3. Holistic rather than completely academic - We used to be told, pay attention to your studies and don't participate in all extra-curriculars. If you are weak in a subject, keep working hard over it. Today the methodologies have changed. We are talking about focusing on our strengths and managing our weaknesses. We are talking about uncovering and tapping into our talents and following our passions. For parents who wish that their child focuses on academics, have endless tests to take and practice till they are perfected for the boards, there are options. But for parents like me who wish for more than just studies, there are options again. I have not been great shakes at anything other than academics. My school gave opportunities in the form of annual days and cultural days but no more than that. The school which I have chosen for the kids offer opportunities to take classes of choice and appoint instructors to train. They promote movie viewing on some Fridays and do a lot of activity and project based sessions- hands on, experimental and experiential, so to speak. I am not for a moment trying to disregard my education. It was the best of the lot in the city, a respected school and had earned a name for board results and quality of teachers. But today, we can do better than that. To me, a child is a mass of clay waiting to be moulded into shape. And we parents are facilitators or enablers helping the clay take it' s shape. The child needs the right opportunities that we parents can direct towards them. As parents, it is our duty to ensure that the opportunity is given, what the child does out of that depends on his ability, talent and willingness. But as a parent, I will strive towards getting the suitable opportunities available to him. Again it will be what we think as a right opportunity until the child can think for himself. Prodigies do exist but they are few in number. For the moment, I am not taking any risk and covering all possibilities. Giving my children more options so that when the time comes, they can choose between careers rather than be able to think of only doctor or engineering.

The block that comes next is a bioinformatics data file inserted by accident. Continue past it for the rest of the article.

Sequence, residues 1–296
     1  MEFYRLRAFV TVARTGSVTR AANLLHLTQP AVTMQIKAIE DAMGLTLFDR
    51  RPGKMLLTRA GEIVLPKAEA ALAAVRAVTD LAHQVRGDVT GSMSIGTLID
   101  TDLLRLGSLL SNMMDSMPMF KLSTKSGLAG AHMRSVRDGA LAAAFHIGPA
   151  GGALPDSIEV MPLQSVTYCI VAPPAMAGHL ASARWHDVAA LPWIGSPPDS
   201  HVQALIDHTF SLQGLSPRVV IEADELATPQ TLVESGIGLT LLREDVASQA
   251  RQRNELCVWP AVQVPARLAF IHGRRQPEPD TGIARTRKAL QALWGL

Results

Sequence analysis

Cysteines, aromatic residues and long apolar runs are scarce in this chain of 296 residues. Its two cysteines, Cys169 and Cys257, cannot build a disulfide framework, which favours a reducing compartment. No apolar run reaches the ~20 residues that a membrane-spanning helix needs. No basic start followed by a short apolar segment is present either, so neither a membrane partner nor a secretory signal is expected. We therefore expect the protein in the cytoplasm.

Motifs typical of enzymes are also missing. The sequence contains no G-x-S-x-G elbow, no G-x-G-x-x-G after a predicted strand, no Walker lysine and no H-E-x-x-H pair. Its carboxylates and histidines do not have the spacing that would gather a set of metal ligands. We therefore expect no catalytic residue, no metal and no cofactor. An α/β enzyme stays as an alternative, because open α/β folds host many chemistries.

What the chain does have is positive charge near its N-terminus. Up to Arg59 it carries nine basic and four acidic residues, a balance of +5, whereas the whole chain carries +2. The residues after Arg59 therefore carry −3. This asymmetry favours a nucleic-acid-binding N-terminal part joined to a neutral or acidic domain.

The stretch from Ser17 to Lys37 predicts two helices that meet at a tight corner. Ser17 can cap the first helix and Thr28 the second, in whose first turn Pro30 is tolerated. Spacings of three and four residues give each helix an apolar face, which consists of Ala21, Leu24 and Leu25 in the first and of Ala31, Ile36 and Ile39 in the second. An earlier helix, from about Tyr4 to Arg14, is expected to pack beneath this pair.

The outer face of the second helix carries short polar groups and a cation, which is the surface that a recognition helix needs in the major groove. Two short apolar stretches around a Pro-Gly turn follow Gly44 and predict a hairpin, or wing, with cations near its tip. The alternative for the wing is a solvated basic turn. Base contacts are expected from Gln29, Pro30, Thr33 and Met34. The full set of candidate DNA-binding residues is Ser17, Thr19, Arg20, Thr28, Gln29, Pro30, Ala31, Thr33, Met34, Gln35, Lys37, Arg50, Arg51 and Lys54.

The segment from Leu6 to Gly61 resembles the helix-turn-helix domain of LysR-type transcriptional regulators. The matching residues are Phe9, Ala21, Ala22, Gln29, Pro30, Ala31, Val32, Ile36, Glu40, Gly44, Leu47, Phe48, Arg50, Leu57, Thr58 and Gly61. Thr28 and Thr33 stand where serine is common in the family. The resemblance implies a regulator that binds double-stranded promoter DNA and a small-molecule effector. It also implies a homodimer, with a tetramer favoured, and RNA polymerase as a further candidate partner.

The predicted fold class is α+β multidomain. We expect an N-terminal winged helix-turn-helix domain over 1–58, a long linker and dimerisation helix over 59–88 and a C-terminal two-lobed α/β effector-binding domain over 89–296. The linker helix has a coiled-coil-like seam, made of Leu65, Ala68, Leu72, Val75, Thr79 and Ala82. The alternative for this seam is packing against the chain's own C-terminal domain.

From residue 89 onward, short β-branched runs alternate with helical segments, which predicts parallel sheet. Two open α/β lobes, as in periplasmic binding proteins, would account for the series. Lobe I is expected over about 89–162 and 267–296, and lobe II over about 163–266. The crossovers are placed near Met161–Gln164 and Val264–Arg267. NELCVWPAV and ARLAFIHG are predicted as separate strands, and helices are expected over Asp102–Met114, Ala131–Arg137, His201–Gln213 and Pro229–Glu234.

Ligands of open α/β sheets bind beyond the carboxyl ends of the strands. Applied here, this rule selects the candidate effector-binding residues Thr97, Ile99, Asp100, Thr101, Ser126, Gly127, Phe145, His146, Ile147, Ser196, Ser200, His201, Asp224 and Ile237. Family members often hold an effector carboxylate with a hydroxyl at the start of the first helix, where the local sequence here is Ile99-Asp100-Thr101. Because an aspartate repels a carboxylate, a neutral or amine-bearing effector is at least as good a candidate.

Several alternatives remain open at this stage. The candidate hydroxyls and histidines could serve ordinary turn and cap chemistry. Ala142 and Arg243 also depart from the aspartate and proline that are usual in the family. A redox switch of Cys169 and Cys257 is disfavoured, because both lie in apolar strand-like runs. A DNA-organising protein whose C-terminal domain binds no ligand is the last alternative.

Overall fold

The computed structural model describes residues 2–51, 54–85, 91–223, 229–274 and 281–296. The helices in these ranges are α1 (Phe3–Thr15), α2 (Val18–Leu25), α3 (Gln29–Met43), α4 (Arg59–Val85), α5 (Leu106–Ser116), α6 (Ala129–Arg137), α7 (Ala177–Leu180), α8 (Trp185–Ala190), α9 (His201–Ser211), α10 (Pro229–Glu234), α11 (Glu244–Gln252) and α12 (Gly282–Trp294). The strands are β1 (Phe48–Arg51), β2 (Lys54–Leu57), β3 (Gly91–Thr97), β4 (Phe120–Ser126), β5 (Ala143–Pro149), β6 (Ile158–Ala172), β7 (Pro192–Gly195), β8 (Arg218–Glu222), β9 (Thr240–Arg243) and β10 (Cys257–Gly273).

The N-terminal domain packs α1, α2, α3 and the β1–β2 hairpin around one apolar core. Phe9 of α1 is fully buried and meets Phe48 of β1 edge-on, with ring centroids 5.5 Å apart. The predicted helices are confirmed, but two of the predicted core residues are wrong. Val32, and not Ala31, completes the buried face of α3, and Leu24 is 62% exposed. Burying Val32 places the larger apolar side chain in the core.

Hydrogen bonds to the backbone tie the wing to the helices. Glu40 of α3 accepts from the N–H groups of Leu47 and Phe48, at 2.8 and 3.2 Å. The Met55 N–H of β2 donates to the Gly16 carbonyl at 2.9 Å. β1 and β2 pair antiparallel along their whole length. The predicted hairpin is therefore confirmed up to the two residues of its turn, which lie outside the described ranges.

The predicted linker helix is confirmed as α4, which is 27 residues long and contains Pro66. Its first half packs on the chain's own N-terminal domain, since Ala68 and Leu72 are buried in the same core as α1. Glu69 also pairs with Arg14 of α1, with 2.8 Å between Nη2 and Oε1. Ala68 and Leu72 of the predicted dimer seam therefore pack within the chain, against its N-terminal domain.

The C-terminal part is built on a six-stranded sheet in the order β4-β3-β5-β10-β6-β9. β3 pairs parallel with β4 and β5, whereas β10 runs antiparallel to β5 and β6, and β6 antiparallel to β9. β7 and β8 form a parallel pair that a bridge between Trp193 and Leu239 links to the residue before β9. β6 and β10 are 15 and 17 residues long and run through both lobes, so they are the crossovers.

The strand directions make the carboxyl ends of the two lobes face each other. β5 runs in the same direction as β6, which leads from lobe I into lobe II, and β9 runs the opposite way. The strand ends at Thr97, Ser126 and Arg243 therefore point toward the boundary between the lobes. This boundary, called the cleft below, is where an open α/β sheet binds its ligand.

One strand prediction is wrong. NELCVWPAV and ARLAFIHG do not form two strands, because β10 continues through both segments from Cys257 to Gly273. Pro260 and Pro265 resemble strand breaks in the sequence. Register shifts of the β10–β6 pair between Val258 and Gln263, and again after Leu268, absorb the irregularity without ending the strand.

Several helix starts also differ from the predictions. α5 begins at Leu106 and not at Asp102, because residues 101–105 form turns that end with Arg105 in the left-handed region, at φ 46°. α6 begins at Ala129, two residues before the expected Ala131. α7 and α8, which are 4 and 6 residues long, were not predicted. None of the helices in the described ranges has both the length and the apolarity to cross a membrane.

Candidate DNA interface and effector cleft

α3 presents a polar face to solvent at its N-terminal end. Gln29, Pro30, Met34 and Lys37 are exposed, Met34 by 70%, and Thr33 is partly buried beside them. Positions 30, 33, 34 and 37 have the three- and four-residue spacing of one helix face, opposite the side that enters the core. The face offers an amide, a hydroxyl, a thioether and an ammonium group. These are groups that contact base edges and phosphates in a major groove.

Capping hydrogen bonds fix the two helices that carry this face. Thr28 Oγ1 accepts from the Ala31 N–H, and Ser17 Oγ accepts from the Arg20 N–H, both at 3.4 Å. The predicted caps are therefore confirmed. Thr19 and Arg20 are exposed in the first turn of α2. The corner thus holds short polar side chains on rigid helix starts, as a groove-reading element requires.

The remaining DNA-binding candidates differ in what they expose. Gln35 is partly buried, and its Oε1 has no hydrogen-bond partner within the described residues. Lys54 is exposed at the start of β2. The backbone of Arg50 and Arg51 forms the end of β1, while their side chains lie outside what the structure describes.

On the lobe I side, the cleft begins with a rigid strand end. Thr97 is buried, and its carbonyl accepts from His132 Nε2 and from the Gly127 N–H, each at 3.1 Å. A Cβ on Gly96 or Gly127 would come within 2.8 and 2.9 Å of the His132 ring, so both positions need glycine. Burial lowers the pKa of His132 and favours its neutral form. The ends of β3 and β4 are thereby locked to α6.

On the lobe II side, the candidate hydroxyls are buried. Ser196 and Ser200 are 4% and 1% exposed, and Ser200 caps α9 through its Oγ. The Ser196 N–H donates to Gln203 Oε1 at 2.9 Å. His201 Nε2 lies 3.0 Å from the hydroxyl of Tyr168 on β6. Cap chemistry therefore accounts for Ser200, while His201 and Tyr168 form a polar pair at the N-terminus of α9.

4. Infrastructure- We cannot escape technology. Any school that cannot keep up with the latest is out. Computers were in the nascent stage towards the end of my school life. Today kids know what a laptop is before classifying a PC as another computer. (Educational) toys in my time meant picture boards, mugs to pour water into a bucket (and believe me I refused to do that out of shyness in KG class), a rocking horse but today we have choice. Is the school keeping up? I would expect it to.